You might want to look at it this way. Though some of them seem to me making fun of you, remember they are just helping you refine you ideas so continue to use them as extra processing power.

Nothing wrong with speculation & theorys as long as you don't present it as anything else.



posted on Apr, 22 2004 @ 12:29 PM
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Originally posted by junglejake


We actually aren't constantly checking our own atmosphere for the loss of ozone. Ozone gets destroyed by CFCs and other such molecules which break the bonds of O2 molecules and join with one of those oxygen molecules. This causes the molecule to become heavier, causing it to fall closer to the earth. O2 is what prevents a lot of radiation coming from the sun to hit the surface of the planet. We need to monitor this to let people know about high cancer risk areas of the globe.


You apparently have a better grasp on the subject then I, but then I don't understand why you can say in one sentence, "we don't check the atmosphere for the loss of ozone" and in the other you note "we monitor the ozone level to let people know about high cancer risk areas".

Maybe checking the atmosphere isn't the technically correct language, but to me checking it means the same as monitoring it.


As for our atmosphere being any different, yes, according to current theories about our planet's development, and theories of evolution, our planet did once have a carbon dioxide atmosphere. However, according to current models, it was about 1.3 billion years ago that the atmosphere had been converted into oxygen by the plant life (algae and the like).


While I agree my thought was unscientific and I didn't check sources and I was only taking a quick stab at it. My thought was the earth is a planet and mars is a planet. They both have atmospheres. They are both subject to changes over time. They both have atmospheres and some day they both will have more, less, or none. Again I'm not an expert on the subject, but my point was it has changed, and it is constantly changing and someday there may well be none. When it has none where will it have gone? Space - Duh. Kind of like where does the water go when you open the plug on the tub. Well I'm not a plumber but...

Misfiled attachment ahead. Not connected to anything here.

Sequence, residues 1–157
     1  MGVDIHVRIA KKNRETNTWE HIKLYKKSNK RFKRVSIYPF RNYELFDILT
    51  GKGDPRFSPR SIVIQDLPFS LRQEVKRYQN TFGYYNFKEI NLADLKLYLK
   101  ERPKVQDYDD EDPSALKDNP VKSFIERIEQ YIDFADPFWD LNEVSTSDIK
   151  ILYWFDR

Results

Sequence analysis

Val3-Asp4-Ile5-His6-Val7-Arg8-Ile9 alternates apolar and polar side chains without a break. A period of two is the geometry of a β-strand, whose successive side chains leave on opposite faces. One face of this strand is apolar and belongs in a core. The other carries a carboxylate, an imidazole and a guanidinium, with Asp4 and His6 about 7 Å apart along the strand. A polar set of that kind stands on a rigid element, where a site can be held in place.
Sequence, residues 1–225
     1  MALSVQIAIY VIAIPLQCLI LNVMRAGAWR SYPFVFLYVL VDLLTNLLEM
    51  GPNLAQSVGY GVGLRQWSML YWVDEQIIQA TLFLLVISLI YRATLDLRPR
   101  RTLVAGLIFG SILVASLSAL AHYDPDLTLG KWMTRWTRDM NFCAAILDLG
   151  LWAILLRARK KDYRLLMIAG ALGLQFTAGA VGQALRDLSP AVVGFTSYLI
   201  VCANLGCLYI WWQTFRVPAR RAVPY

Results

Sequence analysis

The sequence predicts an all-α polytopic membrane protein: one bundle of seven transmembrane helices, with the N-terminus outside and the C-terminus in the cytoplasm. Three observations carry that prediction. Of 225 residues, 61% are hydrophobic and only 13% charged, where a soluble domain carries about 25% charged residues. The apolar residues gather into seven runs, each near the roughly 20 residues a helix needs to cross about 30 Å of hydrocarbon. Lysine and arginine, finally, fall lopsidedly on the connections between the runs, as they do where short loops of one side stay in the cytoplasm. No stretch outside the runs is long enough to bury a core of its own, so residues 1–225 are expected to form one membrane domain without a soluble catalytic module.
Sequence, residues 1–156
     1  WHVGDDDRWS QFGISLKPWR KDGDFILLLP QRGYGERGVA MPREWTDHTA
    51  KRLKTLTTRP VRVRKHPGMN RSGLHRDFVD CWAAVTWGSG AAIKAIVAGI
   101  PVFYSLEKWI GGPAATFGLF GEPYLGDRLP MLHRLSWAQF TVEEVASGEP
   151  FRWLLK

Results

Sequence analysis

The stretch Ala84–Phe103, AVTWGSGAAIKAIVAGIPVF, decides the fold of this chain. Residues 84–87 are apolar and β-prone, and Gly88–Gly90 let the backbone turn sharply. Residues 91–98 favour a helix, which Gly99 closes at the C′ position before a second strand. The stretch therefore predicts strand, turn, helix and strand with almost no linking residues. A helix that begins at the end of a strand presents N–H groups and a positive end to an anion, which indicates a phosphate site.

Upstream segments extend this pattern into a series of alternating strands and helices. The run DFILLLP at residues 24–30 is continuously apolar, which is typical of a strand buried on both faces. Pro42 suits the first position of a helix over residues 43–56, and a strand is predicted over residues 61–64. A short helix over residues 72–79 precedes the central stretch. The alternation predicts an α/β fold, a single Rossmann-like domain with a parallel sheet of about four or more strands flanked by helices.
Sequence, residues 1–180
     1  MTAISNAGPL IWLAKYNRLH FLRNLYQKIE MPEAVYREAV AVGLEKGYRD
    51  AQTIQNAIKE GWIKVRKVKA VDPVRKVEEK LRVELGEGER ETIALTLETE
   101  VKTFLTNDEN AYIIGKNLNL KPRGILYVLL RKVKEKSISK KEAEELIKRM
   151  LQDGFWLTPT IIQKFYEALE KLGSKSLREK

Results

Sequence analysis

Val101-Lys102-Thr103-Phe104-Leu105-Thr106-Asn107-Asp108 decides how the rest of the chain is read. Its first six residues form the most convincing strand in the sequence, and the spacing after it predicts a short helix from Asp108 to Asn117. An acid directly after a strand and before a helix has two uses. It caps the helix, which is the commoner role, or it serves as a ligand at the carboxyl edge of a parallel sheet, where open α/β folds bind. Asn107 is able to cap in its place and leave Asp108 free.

However, Egyptian society was around only 5000 years ago. To use Earth as a model to defend this doesn't work, it took millions of years to change the atmosphere to have more oxygen in it.

There's still disagreement among the experts as to the timeline of when the pyrimids were actually built. Some say 5000 years & some say 10,000 years. No, I'm not an expert, but if they can't even agree that leaves that open to speculation. Still though unless someone has data on what the Mars atmosphere was at that unknown point in time guessing that creatures that lived on mars couldn't live on earth is just that a guess.